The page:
There is thus no empirical evidence that populists are not able to govern. Instead, as their strong fan bases show, criticizing the system while actually being a part of it does not contradict itself, at least in the minds of supporters. Therefore, the rules that would normally limit a politician’s range of actions do not seem to apply to populist leaders.
Nevertheless, it is clear that democracy and fundamental civil rights are under fire from populism and its representatives, promising easy answers to complex questions and issues. The remarks of US Senator John McCain at the Munich Security Conference in February, and in a subsequent interview, underline this danger drastically.
How to Counter Populism
For liberals and humanists, the question is what to do and how to do it. There are three major points to think about.
First, it is our overly empathetic culture of interpretation that is ever present in liberal societies. We should be careful not to exaggerate, although the danger to democracy is obvious. By focusing too much on populist movements, media and civil society are indirectly supporting those whom they intend to keep in check. Giving them too much airtime, while simultaneously neglecting other important issues around the globe, does not help solve the problem.
Second, we must never lose faith in communicating with others who disagree with us. History shows that things tend to start to get ugly once people stop talking to each other. The famous phrase by Carl von Clausewitz, “war is the continuation of politics with other means,” describes the probable result. However, one cannot solve a dispute without debating the issue.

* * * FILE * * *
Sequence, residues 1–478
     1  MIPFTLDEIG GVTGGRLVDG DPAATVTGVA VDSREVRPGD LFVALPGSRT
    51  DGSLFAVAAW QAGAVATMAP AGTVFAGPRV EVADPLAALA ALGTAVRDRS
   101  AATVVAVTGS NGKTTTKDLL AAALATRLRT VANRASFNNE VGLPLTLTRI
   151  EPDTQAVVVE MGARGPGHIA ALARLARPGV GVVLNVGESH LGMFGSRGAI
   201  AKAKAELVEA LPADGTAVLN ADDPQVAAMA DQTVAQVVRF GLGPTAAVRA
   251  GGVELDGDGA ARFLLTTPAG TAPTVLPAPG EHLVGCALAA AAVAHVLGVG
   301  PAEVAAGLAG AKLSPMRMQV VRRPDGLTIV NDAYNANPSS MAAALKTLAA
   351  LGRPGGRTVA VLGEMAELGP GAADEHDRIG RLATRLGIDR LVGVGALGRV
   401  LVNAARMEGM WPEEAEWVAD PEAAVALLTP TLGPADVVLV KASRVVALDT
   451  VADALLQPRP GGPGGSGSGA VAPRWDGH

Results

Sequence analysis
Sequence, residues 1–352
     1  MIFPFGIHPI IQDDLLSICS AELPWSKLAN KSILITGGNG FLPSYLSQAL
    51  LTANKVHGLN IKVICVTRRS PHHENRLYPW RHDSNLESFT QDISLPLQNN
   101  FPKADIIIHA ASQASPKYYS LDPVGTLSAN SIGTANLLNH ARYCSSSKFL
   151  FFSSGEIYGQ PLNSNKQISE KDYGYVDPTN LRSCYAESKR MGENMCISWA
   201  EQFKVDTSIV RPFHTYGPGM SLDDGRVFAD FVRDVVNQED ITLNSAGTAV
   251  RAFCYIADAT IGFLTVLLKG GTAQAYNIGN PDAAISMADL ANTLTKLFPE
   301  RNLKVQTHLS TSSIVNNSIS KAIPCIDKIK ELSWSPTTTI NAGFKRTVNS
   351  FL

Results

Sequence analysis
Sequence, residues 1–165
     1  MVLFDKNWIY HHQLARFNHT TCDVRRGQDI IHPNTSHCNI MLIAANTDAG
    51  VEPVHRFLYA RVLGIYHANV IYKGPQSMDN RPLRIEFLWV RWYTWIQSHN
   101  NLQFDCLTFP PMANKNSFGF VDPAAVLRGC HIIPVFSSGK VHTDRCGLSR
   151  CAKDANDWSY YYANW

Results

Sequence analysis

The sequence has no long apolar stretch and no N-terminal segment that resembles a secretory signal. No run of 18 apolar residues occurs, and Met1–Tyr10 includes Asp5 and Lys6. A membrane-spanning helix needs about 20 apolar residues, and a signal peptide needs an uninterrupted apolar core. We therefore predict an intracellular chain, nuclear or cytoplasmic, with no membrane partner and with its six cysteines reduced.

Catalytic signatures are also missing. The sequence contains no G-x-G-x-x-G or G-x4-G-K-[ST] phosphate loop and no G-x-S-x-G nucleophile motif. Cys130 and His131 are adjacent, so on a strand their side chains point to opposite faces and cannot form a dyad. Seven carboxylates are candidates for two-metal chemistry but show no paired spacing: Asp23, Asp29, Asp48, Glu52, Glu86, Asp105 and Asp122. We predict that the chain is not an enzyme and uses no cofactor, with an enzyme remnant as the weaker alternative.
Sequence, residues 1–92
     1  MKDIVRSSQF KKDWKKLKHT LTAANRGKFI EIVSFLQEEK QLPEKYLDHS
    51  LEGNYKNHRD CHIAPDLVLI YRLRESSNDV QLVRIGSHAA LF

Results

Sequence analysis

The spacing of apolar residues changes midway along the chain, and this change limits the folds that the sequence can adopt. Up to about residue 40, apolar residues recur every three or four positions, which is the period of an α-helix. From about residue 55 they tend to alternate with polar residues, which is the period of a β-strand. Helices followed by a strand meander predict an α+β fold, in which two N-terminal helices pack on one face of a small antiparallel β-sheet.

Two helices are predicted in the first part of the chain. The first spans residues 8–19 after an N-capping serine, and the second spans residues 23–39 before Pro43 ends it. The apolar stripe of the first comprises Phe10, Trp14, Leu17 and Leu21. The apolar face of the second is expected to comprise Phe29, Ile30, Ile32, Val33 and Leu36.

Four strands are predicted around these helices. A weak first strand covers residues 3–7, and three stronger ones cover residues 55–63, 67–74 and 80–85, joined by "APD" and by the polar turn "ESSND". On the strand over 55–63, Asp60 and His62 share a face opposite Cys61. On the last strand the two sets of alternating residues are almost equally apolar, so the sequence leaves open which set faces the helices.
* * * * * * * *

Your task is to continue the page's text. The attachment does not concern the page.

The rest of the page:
Finally, as innumerable social media attempts have shown, reacting to aggressive populist rhetoric with equal aggressiveness does not usually lead to the desired outcome.
Instead, it appears to be wiser to stay away from emotion and stick to the factual level with a certain amount of politeness garnering your statement. British author J.K. Rowling’s Twitter feud with Trump and some of his followers serves as a case in point.
Populists are not per se unable to govern, nor do they automatically become paper tigers once in office. Our responsibility as citizens—holding the most important title in a democracy—is to stand up for a way of political communication. We must look toward solving problems and integrating rather than excluding people. This, nonetheless, requires a combined effort. As disconnected individuals, citizens will not change anything. Coming together as a movement, the citizenry is the strongest power of our political order.
In other words, in order to avoid becoming paper tigers ourselves, we as citizens need to follow one of the basic principles on which today’s free societies are based: Treat others the way you want to be treated. In the context of dealing with populist movements, this translates into acting firmly but in proportion to the situation.
The views expressed in this article are the author’s own and do not necessarily reflect Fair Observer’s editorial policy.
Photo Credit: Claude Truong-Ngoc